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CHAPTER 7. SAUL'S WAR WITH THE AMALEKITES, AND CONQUEST OF THEM.

1. NOW Samuel came unto Saul, and said to him, that he was sent by God to put him in mind that God had preferred him before all others, and ordained him king; that he therefore ought to be obedient to him, and to submit to his authority, as considering, that though he had the dominion over the other tribes, yet that God had the dominion over him, and over all things. That accordingly God said to him, that "becausethe Amalekites did the Hebrews a great deal of mischief while they were in the wilderness, and when, upon their coming out of Egypt, they were making their way to that country which is now their own, I enjoin thee to punish the Amalekites, by making war upon them; and when thou hast subdued them, to leave none of them alive, but to pursue them through every age, and to slay them, beginning with the women and the infants, and to require this as a punishment to be inflicted upon them for the mischief they did to our forefathers; to spare nothing, neither asses nor other beasts, nor to reserve any of them for your own advantage and possession, but to devote them universally to God, and, in obedience to the commands of Moses, to blot out the name of Amalek entirely."204204    The reason of this severity is distinctly given, 1 Samuel 15:18, "Go and utterly destroy the sinners the Amalekites:" nor indeed do we ever meet with these Amalekites but as very cruel and bloody people, and particularly seeking to injure and utterly to destroy the nation of Israel. See Exodus 17:8-16; Numbers 14:45; Deuteronomy 25:17-19; Judges 6:3, 6; 1 Samuel 15:33; Psalms 83:7; and, above all, the most barbarous of all cruelties, that of Haman the Agagite, or one of the posterity of Agag, the old king of the Amalekites, Esther 3:1-15.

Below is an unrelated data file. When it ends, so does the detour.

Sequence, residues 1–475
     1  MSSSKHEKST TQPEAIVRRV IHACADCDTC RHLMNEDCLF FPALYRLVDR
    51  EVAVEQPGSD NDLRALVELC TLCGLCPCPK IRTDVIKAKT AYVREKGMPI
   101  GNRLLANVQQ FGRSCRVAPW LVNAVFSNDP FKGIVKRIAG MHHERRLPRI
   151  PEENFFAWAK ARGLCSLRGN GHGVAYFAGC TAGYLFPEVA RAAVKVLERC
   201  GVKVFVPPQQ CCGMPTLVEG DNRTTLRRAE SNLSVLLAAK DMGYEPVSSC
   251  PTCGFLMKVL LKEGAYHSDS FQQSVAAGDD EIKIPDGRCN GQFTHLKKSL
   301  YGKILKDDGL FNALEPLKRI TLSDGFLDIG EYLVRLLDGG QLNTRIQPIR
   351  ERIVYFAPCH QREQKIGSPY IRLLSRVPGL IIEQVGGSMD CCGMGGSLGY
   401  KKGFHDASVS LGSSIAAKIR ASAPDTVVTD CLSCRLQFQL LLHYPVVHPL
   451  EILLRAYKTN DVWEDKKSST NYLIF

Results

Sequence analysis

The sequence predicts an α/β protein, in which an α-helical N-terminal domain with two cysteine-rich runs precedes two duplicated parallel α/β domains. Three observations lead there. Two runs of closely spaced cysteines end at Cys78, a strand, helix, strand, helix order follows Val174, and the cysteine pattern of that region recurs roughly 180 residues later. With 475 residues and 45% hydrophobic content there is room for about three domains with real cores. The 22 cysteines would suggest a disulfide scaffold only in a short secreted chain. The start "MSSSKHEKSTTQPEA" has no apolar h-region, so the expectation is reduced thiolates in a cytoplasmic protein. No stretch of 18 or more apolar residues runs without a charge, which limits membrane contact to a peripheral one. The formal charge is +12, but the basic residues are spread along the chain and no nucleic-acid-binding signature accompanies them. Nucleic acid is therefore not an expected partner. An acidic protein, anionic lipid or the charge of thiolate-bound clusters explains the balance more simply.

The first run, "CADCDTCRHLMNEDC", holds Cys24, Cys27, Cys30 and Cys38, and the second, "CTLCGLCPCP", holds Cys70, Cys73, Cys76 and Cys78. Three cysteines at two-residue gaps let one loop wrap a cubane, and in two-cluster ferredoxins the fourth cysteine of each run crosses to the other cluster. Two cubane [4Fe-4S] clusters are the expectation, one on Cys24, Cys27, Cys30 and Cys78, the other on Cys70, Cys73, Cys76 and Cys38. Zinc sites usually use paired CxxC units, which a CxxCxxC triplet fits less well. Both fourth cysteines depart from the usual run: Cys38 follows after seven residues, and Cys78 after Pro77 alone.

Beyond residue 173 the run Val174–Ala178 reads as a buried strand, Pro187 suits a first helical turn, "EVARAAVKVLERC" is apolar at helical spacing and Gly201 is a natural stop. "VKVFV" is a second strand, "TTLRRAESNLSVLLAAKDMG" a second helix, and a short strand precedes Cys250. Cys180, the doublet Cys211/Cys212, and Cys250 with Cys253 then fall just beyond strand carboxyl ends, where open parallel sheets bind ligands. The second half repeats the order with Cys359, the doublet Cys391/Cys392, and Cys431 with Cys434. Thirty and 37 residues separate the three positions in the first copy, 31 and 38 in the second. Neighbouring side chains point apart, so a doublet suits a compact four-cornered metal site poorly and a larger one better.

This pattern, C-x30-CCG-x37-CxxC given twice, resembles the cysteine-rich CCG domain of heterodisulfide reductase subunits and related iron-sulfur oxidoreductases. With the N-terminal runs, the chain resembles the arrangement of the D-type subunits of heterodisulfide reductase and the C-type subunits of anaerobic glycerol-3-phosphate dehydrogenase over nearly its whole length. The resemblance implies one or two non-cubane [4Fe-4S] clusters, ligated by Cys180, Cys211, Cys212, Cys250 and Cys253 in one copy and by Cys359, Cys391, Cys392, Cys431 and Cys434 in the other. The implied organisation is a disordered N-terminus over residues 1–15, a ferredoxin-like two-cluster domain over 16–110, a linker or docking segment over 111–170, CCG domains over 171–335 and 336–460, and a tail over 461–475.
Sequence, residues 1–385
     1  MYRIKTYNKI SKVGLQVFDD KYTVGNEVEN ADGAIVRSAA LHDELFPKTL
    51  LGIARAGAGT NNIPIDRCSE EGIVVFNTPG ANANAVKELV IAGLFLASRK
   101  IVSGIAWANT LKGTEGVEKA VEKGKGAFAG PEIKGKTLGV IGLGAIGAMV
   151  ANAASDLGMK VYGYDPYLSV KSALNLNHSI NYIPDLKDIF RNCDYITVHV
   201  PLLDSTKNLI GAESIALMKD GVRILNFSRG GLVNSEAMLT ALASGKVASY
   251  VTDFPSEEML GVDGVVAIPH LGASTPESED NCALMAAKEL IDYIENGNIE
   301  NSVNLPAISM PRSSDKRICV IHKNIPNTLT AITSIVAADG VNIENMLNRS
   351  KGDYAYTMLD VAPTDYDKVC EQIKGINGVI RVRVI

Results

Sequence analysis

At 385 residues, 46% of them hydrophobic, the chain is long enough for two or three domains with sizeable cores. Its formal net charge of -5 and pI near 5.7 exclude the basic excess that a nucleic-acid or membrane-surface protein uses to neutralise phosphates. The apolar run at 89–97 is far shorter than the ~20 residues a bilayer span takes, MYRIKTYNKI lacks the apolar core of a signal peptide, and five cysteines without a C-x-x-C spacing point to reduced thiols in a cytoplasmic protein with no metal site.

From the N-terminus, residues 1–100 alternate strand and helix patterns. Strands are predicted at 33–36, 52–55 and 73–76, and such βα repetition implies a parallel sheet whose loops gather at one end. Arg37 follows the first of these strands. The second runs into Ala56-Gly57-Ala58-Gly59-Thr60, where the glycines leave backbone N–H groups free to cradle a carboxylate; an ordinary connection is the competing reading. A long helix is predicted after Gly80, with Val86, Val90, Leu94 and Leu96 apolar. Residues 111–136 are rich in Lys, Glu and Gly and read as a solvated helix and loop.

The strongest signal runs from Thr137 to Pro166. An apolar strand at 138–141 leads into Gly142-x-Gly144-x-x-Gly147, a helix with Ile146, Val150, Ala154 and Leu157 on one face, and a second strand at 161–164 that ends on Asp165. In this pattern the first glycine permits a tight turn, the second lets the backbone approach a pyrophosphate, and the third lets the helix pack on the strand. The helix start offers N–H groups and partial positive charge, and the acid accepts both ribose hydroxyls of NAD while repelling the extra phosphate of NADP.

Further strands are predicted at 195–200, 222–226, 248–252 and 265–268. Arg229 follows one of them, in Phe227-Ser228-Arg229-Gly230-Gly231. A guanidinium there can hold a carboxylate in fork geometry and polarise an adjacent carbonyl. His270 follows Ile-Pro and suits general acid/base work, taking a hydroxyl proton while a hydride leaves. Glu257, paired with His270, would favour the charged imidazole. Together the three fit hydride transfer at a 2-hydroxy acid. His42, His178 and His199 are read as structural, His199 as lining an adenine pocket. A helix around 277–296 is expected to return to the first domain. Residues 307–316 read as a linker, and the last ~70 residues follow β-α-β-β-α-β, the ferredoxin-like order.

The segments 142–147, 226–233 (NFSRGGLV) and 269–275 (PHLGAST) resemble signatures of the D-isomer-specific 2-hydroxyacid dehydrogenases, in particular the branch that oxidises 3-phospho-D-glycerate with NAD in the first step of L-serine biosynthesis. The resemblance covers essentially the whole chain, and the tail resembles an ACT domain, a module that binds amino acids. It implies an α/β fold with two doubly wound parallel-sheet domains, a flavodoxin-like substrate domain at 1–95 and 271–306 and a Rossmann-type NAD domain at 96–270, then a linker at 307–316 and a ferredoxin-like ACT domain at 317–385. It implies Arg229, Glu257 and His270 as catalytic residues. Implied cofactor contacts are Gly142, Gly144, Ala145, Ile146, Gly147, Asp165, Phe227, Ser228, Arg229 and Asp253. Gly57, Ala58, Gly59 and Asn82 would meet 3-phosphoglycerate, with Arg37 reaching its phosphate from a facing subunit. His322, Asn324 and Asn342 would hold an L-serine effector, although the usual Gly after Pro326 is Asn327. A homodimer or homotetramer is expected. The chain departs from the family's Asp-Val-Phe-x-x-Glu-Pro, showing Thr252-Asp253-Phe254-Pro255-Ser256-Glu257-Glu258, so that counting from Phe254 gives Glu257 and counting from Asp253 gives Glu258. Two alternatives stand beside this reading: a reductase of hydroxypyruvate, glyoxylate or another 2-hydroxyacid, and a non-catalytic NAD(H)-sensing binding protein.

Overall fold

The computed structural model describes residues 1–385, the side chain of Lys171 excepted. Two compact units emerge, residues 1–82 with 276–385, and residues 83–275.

2. So Saul promised to do what he was commanded; and supposing that his obedience to God would be shown, not only in making war against the Amalekites, but more fully in the readiness and quickness of his proceedings, he made no delay, but immediately gathered together all his forces; and when he had numbered them in Gilgal, he found them to be about four hundred thousand of the Israelites, besides the tribe of Judah, for that tribe contained by itself thirty thousand. Accordingly, Saul made an irruption into the country of the Amalekites, and set many men in several parties in ambush at the river, that so he might not only do them a mischief by open fighting, but might fall upon them unexpectedly in the ways, and might thereby compass them round about, and kill them. And when he had joined battle with the enemy, he beat them; and pursuing them as they fled, he destroyed them all. And when that undertaking had succeeded, according as God had foretold, he set upon the cities of the Amalekites; he besieged them, and took them by force, partly by warlike machines, partly by mines dug under ground, and partly by building walls on the outsides. Some they starved out with famine, and some they gained by other methods; and after all, he betook himself to slay the women and the children, and thought he did not act therein either barbarously or inhumanly; first, because they were enemies whom he thus treated, and, in the next place, because it was done by the command of God, whom it was dangerous not to obey. He also took Agag, the enemies' king, captive, - the beauty and tallness of whose body he admired so much, that he thought him worthy of preservation. Yet was not this done however according to the will of God, but by giving way to human passions, and suffering himself to be moved with an unseasonable commiseration, in a point where it was not safe for him to indulge it; for God hated the nation of the Amalekites to such a degree, that he commanded Saul to have no pity on even those infants which we by nature chiefly compassionate; but Saul preserved their king and governor from the miseries which the Hebrews brought on the people, as if he preferred the fine appearance of the enemy to the memory of what God had sent him about. The multitude were also guilty, together with Saul; for they spared the herds and the flocks, and took them for a prey, when God had commanded they should not spare them. They also carried off with them the rest of their wealth and riches; but if there were any thing that was not worthy of regard, that they destroyed.